• gestam

In silico medicine emerges in Greece just as real classical medicine did about 2.5 millennia ago

Updated: Nov 1, 2021

Faithful to its millennia-long passion for medicine, Greece has also proved to be the contemporary cradle of the new scientific, technological and progressively clinical domain of in silico medicine (https://en.wikipedia.org/wiki/In_silico_medicine, last visited on 1 Nov. 2021).


The paper entitled "In Silico Radiation Oncology: combining novel simulation algorithms with current visualization techniques" by G.Stamatakos et al. from Greece, published in Proceedings of the IEEE, the leading journal to provide in-depth review, survey, and tutorial coverage of the technical developments in electronics, electrical and computer engineering, and computer science, (Proceedings of the IEEE, vol. 90, no. 11, pp. 1764-1777, Nov. 2002, doi: 10.1109/JPROC.2002.804685, https://ieeexplore.ieee.org/abstract/document/1046955), has been the first ever publication in which the concept of "in silico medicine" (here in its concrete paradigmatic form of "in silico radiation oncology") has been introduced, explained and demonstrated to the global scientific community. This happened in 2002.


This along with a series of subsequent publications and the development of six pioneering "Oncosimulators" (digital twins in oncology), each one for a different tumour type, led by the founder and director of the Greek In Silico Oncology and In Silico Medicine Group (https://www.in-silico-oncology.iccs.ntua.gr/) Research Professor G.Stamatakos and funded mainly by the European Commission, have marked the generation of the broader "in silico medicine" field (https://en.wikipedia.org/wiki/In_silico_medicine, last visited on 1 Nov. 2021).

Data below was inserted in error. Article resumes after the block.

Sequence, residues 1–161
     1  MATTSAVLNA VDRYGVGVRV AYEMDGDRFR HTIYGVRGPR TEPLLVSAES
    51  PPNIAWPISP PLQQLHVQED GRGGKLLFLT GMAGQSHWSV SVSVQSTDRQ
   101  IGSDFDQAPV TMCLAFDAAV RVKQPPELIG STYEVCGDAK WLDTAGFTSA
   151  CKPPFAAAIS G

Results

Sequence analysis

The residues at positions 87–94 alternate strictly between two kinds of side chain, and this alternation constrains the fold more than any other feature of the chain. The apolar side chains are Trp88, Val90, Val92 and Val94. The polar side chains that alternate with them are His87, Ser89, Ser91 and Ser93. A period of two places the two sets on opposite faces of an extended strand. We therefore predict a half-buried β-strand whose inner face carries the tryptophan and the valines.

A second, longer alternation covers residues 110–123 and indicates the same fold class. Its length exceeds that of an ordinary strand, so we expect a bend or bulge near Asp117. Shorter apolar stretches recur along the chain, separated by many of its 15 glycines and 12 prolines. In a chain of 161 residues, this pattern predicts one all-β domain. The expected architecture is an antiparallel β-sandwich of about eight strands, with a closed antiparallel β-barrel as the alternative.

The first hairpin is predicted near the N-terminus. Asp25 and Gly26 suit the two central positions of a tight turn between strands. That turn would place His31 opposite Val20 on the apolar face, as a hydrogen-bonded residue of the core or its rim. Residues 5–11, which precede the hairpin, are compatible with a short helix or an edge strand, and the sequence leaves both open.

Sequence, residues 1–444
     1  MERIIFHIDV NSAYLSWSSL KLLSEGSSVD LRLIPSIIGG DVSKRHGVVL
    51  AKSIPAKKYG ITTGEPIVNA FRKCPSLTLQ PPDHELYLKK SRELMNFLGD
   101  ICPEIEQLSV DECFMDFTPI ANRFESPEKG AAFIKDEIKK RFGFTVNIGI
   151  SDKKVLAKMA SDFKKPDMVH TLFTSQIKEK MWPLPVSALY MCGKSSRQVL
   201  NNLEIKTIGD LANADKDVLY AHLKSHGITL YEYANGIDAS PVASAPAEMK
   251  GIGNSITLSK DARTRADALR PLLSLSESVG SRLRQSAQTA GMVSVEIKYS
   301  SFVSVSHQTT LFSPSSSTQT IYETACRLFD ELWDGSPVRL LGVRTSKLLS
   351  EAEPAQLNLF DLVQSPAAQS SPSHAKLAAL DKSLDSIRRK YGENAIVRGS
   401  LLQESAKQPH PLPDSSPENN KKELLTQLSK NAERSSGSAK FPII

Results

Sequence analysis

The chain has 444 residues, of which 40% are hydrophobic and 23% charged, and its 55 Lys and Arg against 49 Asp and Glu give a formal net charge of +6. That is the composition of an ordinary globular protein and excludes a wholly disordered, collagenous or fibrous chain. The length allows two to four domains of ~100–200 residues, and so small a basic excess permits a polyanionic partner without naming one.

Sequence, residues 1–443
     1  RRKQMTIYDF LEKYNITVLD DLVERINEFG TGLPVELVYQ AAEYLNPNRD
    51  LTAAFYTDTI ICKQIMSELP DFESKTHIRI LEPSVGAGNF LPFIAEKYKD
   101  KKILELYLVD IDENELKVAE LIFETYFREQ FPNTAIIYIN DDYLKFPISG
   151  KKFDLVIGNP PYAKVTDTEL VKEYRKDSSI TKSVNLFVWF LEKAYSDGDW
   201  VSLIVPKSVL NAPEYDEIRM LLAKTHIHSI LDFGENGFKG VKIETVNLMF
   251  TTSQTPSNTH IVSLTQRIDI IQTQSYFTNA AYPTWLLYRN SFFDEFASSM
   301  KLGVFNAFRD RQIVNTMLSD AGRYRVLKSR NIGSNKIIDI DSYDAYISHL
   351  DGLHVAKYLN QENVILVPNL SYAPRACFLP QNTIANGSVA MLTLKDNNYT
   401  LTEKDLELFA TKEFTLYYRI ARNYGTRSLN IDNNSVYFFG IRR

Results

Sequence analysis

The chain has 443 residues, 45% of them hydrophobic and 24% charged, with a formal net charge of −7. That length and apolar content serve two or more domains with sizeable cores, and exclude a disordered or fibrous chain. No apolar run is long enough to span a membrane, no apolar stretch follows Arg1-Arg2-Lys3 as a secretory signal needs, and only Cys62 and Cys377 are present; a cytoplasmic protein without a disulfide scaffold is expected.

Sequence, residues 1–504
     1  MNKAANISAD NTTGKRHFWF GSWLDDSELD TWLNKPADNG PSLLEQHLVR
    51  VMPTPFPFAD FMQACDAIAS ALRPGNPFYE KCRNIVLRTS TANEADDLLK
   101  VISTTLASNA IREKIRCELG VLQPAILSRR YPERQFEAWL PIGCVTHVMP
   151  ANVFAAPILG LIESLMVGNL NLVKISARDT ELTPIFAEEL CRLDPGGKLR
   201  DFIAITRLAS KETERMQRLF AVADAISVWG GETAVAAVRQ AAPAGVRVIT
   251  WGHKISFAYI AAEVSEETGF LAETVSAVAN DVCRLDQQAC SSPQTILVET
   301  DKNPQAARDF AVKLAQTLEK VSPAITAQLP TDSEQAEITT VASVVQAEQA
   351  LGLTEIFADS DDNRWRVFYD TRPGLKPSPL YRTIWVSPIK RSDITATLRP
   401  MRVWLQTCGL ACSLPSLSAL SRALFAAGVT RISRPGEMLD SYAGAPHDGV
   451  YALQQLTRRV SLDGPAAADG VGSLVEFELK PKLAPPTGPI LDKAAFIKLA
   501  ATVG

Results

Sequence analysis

Furthermore, it was in Greece and more precisely at the School of Electrical and Computer Engineering, National Technical University of Athens, that the globally first academic course on in silico medicine was created and introduced into the formal doctoral studies programme of the latter by G. Stamatakos in 2014 (https://www.vph-institute.org/news/new-postgraduate-subject-on-multiscale-cancer-modelling-and-in-silico-medicine-mscm-ism.html). This marked the transformation of in silico medicine from an exclusively research field into a formal university subject.


Of special importance regarding the great potential of in silico medicine is the recent video created by the international Virtual Physiological Human Institute (VPHi, https://www.vph-institute.org/), an advisor to the European Commission, which aims at introducing in silico medicine to the wider public and is entitled "In Silico Medicine will be the future" (https://www.youtube.com/watch?v=cse_GBcHcsc)


A key recent development marking the practical applicability of in silico medicine is the inclusion of the latter in the European Centre for Disease Prevention and Control Regulation (ECDC) (https://www.vph-institute.org/news/in-silico-medicine-is-now-in-the-ecdc-regulation.html).